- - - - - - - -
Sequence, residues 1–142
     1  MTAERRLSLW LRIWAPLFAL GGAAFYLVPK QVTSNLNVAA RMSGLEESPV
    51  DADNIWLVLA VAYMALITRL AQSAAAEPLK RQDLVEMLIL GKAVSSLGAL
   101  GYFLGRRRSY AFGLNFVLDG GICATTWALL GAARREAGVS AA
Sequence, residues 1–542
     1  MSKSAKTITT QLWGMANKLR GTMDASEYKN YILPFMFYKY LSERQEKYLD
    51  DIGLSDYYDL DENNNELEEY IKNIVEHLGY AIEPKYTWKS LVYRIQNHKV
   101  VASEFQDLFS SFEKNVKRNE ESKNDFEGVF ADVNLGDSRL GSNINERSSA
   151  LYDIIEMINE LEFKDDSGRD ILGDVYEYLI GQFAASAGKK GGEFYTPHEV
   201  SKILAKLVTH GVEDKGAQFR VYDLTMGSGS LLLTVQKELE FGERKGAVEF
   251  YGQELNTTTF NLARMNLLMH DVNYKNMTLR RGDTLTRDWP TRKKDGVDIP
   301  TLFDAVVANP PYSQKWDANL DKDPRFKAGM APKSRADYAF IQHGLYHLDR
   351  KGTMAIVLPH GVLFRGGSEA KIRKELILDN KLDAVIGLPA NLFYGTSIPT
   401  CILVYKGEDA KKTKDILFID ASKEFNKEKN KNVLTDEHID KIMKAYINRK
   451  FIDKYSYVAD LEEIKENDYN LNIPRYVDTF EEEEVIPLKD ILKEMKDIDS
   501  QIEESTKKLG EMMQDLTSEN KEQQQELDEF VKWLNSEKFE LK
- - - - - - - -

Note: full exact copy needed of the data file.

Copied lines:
Sequence, residues 1–142
     1  MTAERRLSLW LRIWAPLFAL GGAAFYLVPK QVTSNLNVAA RMSGLEESPV
    51  DADNIWLVLA VAYMALITRL AQSAAAEPLK RQDLVEMLIL GKAVSSLGAL
   101  GYFLGRRRSY AFGLNFVLDG GICATTWALL GAARREAGVS AA
Sequence, residues 1–542
     1  MSKSAKTITT QLWGMANKLR GTMDASEYKN YILPFMFYKY LSERQEKYLD
    51  DIGLSDYYDL DENNNELEEY IKNIVEHLGY AIEPKYTWKS LVYRIQNHKV
   101  VASEFQDLFS SFEKNVKRNE ESKNDFEGVF ADVNLGDSRL GSNINERSSA
   151  LYDIIEMINE LEFKDDSGRD ILGDVYEYLI GQFAASAGKK GGEFYTPHEV
   201  SKILAKLVTH GVEDKGAQFR VYDLTMGSGS LLLTVQKELE FGERKGAVEF
   251  YGQELNTTTF NLARMNLLMH DVNYKNMTLR RGDTLTRDWP TRKKDGVDIP
   301  TLFDAVVANP PYSQKWDANL DKDPRFKAGM APKSRADYAF IQHGLYHLDR
   351  KGTMAIVLPH GVLFRGGSEA KIRKELILDN KLDAVIGLPA NLFYGTSIPT
   401  CILVYKGEDA KKTKDILFID ASKEFNKEKN KNVLTDEHID KIMKAYINRK
   451  FIDKYSYVAD LEEIKENDYN LNIPRYVDTF EEEEVIPLKD ILKEMKDIDS
   501  QIEESTKKLG EMMQDLTSEN KEQQQELDEF VKWLNSEKFE LK